Social Security Benefits and Filing Ages

 

You’ve probably noticed that your Social Security benefits statement has a section with estimated benefit amounts.  Most likely, for those born between 1943 and 1954, you’ll see an estimated payment amount at age 62, 66 and 70.  While it’s common knowledge that you’ll receive less at 62 than you would at 66…have you ever wondered how it’s calculated?    I think it’s important to know.  Understanding how Social Security benefits are impacted by filing early – or for filing later – is crucial when building a Social Security filing plan.

Transcript Follows:

Thank you for joining us for another edition of Social Security Intelligence.

You’ve probably noticed that your Social Security benefits statement has a section with estimated benefit amounts.  Most likely, for those born between 1943 and 1954, you’ll see an estimated payment amount at age 62, 66 and 70.  While it’s common knowledge that you’ll receive less at 62 than you would at 66…have you ever wondered how it’s calculated?    

I think it’s important to know.  Understanding how Social Security benefits are impacted by filing early – or for filing later – is crucial when building a Social Security filing plan.   

Let’s take a look

The full retirement age for those born between 1943 and 1954 is 66 years old.  At that age you are entitled to 100% of your primary insurance amount.  This is also known as your full retirement age benefit.   If you wait to file, you’ll receive a credit of 8% for every year you delay up until age 70.  The Social Security Administration refers to these increases as “delayed retirement credits.” 

On the other side, if you file early, your full retirement age benefit will be reduced.  How much it’s reduced all depends on your age when you file.  If you file at 65-one year early- you benefit would be reduced by almost 7%.  Those reductions continue to age 62 where your benefit would be only 75% of what you would receive at your full retirement age.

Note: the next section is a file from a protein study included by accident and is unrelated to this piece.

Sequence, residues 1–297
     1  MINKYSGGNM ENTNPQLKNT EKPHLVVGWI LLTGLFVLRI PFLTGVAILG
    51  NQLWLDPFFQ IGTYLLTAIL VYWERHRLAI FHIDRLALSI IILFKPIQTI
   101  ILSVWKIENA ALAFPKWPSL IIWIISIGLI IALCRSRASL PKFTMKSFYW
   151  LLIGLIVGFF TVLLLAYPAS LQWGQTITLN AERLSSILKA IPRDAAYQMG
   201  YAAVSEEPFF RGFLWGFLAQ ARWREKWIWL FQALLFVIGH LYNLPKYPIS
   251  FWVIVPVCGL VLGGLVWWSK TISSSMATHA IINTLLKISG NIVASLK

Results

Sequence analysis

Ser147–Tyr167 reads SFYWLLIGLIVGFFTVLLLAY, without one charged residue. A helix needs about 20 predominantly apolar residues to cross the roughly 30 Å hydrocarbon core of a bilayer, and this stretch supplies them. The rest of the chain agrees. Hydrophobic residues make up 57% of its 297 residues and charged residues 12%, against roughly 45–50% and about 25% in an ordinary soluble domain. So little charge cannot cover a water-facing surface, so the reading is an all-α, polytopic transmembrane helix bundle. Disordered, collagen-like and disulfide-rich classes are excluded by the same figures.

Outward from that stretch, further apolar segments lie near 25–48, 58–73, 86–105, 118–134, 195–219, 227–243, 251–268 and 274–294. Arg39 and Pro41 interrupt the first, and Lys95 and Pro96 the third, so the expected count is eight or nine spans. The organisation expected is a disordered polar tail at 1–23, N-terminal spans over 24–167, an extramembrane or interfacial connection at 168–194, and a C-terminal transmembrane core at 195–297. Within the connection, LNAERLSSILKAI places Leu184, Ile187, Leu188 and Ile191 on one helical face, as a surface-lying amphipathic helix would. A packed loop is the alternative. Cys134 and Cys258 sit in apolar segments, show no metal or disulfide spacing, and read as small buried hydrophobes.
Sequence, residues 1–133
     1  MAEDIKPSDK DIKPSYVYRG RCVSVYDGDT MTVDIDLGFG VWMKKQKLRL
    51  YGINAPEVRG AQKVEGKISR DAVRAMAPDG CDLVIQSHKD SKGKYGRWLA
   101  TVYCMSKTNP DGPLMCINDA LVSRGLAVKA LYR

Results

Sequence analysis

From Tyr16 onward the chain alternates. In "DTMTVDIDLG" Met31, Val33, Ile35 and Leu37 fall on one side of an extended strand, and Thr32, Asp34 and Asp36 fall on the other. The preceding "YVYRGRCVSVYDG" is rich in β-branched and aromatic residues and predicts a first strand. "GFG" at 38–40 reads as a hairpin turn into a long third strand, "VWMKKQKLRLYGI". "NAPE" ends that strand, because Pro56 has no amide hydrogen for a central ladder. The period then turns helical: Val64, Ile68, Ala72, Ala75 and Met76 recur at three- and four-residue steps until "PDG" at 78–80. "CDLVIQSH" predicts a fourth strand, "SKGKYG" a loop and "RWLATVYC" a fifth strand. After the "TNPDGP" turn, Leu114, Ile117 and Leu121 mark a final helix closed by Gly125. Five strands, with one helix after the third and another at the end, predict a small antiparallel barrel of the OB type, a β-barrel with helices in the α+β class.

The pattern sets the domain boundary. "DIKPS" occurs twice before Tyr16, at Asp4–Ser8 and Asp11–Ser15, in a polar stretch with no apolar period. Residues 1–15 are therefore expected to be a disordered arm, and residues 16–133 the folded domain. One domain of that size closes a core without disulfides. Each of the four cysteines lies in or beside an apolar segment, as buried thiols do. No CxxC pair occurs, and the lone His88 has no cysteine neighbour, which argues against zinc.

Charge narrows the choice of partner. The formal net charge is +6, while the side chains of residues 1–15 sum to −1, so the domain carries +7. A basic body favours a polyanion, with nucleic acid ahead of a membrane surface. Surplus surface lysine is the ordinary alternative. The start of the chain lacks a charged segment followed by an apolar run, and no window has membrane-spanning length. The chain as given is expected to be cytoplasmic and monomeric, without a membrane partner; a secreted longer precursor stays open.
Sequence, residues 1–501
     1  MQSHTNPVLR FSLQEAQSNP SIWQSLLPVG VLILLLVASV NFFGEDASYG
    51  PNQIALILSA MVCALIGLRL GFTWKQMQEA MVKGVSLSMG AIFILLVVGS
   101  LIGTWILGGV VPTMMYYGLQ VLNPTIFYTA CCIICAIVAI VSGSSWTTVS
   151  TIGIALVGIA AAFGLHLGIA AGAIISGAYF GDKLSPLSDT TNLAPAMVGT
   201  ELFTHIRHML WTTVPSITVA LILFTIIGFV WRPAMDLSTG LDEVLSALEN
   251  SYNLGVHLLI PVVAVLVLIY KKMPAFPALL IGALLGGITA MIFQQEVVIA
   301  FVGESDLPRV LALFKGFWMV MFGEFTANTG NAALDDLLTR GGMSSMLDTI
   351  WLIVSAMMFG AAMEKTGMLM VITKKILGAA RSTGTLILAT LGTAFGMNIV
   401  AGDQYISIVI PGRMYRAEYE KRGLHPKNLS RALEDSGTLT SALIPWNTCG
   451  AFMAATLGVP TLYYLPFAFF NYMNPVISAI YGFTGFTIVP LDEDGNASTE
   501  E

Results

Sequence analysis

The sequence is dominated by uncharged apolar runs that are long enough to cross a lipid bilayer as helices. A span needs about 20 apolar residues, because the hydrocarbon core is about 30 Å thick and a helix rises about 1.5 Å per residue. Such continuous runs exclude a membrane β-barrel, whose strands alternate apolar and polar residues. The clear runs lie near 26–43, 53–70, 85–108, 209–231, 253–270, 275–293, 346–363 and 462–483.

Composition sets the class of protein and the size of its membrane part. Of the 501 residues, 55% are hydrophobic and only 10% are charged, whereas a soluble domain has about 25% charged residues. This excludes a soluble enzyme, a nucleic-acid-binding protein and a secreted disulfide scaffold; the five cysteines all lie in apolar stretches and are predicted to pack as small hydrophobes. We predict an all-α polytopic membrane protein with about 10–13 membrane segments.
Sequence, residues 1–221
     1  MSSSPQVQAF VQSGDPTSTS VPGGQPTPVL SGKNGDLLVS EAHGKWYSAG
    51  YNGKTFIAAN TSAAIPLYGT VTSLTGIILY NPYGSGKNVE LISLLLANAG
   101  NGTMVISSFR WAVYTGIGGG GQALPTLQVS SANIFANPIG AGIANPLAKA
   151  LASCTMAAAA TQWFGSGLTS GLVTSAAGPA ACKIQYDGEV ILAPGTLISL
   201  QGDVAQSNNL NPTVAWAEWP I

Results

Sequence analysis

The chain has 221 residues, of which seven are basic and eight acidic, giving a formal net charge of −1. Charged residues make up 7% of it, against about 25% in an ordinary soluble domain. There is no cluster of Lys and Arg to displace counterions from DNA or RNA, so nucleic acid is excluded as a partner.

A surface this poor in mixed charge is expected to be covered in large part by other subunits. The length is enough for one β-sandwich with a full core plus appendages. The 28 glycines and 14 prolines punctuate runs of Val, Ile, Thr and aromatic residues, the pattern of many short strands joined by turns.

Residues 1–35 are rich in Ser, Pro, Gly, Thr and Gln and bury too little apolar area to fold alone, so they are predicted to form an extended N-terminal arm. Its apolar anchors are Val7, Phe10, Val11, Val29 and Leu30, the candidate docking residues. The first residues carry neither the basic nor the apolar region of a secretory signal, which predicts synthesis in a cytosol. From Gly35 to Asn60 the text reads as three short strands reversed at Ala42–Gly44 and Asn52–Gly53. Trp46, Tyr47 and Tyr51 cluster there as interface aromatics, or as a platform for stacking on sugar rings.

That’s a nice simplistic view of reductions for filing early and credit for filing later, but what about if you plan to file at 67 years and 8 months?  How do the credits- or reductions- break down on a monthly basis?

There are three separate calculation bands used to determine how much your benefit will increase or decrease on a monthly basis.  This calculation can be used even if your full retirement age is something other than 66 years old.

 The first band is full retirement age through age 70

Then there is a 36 month period prior to full retirement age.

And then there is anything more than 36 months prior to full retirement age

Let’s deal with the increase first.

For every month after full retirement age there is a 2/3 of 1% monthly increase.  That stops at age 70.

For the 36 months prior to Full retirement age there is a monthly reduction of 5/9 of 1%.

And for every month before the 36th  month, the reduction changes slightly to 5/12 of 1%.

I know all of that sounds really technical, but now I hope you have a greater understanding of how the Social Security Administration calculates the reductions or increases to your benefit.  Having a solid grasp on these numbers is the foundation of constructing your social security calculation.

If you need further help, don’t hesitate to call my office.

For more videos like this-and other great Social Security information- please browse our website at socialsecurityintelligence.com.  While you’re there, you can schedule a free consultation.  Just click on the icon and the rest is easy.  For a daily dose of Social Security Intelligence, find us on Facebook and like our page. 

 

Thanks again for watching.

 

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